2.5.4. H&E Staining

Mice were dissected and the more intact side of the fourth pair of mouse mammary tissue was taken and fixed using formaldehyde solution for 24 hours. Xylene dewaxing, alcohol gradient dehydration, hematoxylin staining, 1% hydrochloric acid alcohol fractionation, eosin staining, alcohol gradient dehydration, xylene transparency, and neutral gum sealing. Histopathological changes were observed under the light microscope.

2.5.5. Real-Time Fluorescent Quantitative PCR (qPCR)

The relative expression levels of TNF and IL6 inflammatory factors were measured by real-time fluorescence quantitative PCR with GAPDH as the reference gene. The total RNA was extracted by TRIzol method. After extraction, 1 μL was taken in an ultramicro nucleic acid protein detector to determine the concentration and OD value of RNA (A260 nm/A280 nm at 1.8∼2.0). According to the results, the RNA concentration was adjusted to 300 ng/μL. cDNA was synthesized by the three-step method according to the instructions of RevertAid First Strand Kit, and stored at −20°C.

PCR reactions were performed using cDNA as the template. The total reaction system was 20 μL: 2×TransStart Top Green qPCR Super Mix10 μL, 0.5 μL each of upstream and downstream primers, ddH2O8μL, cDNA1 μL. The reaction procedure was a three-step method: 95°C 300 s, 95°C 30 s, 57°C 34 s, 72°C 25 s, 45 cycles, and it was repeated thrice for each sample. After the amplification reactions were completed, the results were data processed using the 2−ΔΔCt method to calculate the relative expressions of TNF, IL6, and GAPDH. The primer sequences are shown in Table 1.

2.5.6. Western Blot

Take about 100 mg of the mouse mammary gland tissue, add liquid nitrogen, and grind it into a powder form. Add 1 mL of high efficiency RIPA lysis solution and 10 μL of PMSF, mix well, then lyse at 4°C for 1 h (vortex mixing every ten minutes), centrifuge at 4°C for 20 min at 1000 r, and aspirate the supernatant. The supernatant was aspirated. The protein was denatured at 95°C for 5 min at a ratio of 1 : 3 VSDS loading buffer:V protein and stored at −20°C. After preparation of 12 % separation gel and 5 % SDS-PAGE concentrated gel for electrophoresis, membrane transfer, 5 % skimmed milk powder closure for 2 h, incubate primary antibody GAPDH (1 : 3000), TNF (1 : 300), IL6 (1 : 300), AKT (1 : 300), NF-κB (1 : 300) at 4°C overnight, wash the membrane with PBST for 45 min and then incubate a secondary antibody (1 : 5000) was incubated in a shaker at 37°C for 2 h, and the membrane was washed with PBST for 45 min. A ECL chemiluminescence reagent was developed, and the grayscale values were scanned by Image-Pro Plus 6.0 software.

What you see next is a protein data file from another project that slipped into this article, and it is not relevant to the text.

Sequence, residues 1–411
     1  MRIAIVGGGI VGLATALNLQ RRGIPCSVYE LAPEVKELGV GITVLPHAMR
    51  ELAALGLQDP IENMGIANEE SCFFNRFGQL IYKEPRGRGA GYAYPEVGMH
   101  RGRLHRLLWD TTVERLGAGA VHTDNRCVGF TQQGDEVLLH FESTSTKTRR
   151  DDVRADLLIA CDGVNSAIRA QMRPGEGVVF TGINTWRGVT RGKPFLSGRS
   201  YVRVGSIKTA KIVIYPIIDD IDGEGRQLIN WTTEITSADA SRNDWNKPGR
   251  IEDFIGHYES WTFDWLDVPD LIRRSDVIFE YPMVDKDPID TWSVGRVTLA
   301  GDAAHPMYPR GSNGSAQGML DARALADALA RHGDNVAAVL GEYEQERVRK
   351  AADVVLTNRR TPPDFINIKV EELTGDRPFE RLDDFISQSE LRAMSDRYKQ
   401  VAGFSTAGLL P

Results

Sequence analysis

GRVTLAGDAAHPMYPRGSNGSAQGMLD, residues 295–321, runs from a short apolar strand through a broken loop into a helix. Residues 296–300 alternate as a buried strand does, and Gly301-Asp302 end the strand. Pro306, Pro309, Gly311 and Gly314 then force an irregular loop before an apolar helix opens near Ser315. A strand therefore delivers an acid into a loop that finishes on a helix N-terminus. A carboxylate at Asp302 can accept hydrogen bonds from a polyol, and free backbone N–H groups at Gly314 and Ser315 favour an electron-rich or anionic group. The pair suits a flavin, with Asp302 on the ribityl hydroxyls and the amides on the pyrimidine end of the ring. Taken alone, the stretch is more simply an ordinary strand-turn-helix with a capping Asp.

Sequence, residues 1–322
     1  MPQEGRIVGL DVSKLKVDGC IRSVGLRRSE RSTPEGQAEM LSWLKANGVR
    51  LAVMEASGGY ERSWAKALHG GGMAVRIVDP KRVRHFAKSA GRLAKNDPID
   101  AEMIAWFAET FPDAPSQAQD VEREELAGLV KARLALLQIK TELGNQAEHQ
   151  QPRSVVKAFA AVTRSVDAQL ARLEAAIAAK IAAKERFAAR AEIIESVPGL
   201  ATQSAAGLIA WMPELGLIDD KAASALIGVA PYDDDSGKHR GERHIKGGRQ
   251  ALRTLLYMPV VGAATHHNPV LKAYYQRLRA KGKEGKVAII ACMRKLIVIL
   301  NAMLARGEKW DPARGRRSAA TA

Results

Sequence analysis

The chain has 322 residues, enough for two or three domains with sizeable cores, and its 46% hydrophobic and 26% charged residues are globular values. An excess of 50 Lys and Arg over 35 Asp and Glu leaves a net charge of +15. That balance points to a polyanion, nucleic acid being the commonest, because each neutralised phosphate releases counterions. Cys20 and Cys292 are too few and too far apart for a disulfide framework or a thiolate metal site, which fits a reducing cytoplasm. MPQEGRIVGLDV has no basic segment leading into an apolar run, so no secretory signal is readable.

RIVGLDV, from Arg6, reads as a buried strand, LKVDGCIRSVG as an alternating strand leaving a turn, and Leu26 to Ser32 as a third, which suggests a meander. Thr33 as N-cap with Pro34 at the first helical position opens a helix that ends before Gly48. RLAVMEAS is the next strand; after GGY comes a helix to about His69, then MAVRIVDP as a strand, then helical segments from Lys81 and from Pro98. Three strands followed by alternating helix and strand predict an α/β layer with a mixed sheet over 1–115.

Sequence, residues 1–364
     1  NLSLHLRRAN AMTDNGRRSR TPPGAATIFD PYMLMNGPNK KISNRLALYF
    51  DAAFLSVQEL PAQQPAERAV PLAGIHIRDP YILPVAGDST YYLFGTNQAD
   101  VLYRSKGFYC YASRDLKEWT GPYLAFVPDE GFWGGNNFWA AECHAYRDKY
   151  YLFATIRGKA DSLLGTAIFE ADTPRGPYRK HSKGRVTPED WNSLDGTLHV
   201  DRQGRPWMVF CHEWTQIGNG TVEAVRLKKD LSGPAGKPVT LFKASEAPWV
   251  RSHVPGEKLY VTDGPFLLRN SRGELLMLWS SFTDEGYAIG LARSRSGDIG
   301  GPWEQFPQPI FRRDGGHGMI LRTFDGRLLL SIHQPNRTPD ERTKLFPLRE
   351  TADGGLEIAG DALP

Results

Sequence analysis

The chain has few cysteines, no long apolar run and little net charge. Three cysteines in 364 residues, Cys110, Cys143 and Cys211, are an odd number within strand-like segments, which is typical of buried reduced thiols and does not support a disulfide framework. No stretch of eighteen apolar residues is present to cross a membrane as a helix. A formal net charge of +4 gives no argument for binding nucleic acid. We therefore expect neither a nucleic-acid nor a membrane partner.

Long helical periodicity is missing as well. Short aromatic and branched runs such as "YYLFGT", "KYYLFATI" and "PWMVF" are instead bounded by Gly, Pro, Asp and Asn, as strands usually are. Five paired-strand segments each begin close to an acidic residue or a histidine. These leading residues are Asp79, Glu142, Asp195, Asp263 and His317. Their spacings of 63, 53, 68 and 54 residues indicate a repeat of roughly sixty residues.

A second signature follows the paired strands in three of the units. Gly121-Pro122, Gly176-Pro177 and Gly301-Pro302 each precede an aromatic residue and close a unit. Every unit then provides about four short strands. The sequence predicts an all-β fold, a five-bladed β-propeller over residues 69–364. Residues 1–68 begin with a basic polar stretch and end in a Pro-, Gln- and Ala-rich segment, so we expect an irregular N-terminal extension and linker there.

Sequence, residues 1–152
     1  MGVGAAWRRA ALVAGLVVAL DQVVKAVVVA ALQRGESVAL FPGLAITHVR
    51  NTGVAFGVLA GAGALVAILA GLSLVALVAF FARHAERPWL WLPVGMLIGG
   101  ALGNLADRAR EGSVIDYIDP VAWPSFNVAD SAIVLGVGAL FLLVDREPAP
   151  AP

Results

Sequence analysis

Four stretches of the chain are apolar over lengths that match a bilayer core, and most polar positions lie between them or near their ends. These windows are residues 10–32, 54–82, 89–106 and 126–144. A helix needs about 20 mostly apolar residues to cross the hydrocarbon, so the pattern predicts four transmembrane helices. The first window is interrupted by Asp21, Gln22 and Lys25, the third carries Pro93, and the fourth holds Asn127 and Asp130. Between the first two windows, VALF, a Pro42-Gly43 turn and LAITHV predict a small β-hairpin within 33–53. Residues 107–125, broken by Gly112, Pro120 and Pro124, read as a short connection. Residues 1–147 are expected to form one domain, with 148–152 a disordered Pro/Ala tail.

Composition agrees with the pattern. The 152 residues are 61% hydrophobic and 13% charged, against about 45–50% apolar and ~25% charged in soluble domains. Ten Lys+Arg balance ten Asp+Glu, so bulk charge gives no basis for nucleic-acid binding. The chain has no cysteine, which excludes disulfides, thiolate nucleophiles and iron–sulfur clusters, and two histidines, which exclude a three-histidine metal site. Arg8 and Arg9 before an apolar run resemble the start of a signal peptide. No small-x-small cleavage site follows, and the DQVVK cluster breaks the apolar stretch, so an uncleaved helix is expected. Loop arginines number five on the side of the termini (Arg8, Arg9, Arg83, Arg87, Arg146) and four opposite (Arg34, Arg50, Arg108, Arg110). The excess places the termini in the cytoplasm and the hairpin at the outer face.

2.6. Statistical Analysis

The data were analyzed using SPSS 26.0 and expressed as “mean ± standard deviation” (x ± s). One-way ANOVA was used to compare the means of multiple groups, and the LSD-t test was used for two-way comparison between groups. means the difference is significant, and means the difference is highly significant.

3. Results

3.1. Visualization of the Main Active Ingredients of Ligustrum lucidum and Core Anti-Inflammatory Targets

The TCMSP database was searched to obtain 13 compounds of Ligustrum lucidum, 7 of which were active ingredients. The corresponding target proteins of the potential active ingredients were obtained using the TCMSP database, and the predicted target protein names were converted to gene names by the Uniprot database. The GeneCards database was searched to obtain the intersection with Ligustrum lucidum target genes, and 42 common targets were obtained. The common target proteins and the seven active ingredients of Ligustrum lucidum were imported into Cytoscape 3.7.1 software to construct Ligustrum lucidum active ingredient-predicted target network (Supplementary Figure 1). The blue circular nodes are the common targets of drug and inflammation, and the red diamonds are the active ingredients of Ligustrum lucidum that play a major role. The largest degree value (darkest color, highest number of nodes) is quercetin, indicating that quercetin is the most important active component of Ligustrum lucidum exerting anti-inflammatory effects.

3.2. PPI Network Construction Analysis

The 42 common target proteins obtained above were imported into the String 11.0 database to construct the PPI network of Ligustrum lucidum and inflammation (Supplementary Figure 2), which contained 42 nodes and 379 edges with an average node (key target) degree value of 18. The degree value was positively correlated with the node size and color shade. The thickness of the node-to-node line indicates the size of the combined score, and the thicker the line, the larger the value, the stronger the interaction. The core targets with degree>20 were selected according to the degree value, and the top 3 were TNF, AKT1, and IL6.

3.3. Effect of Quercetin on Staphylococcus aureus-Induced Mouse Mastitis Model
3.3.1. Histopathological Changes of Mouse Mammary Glands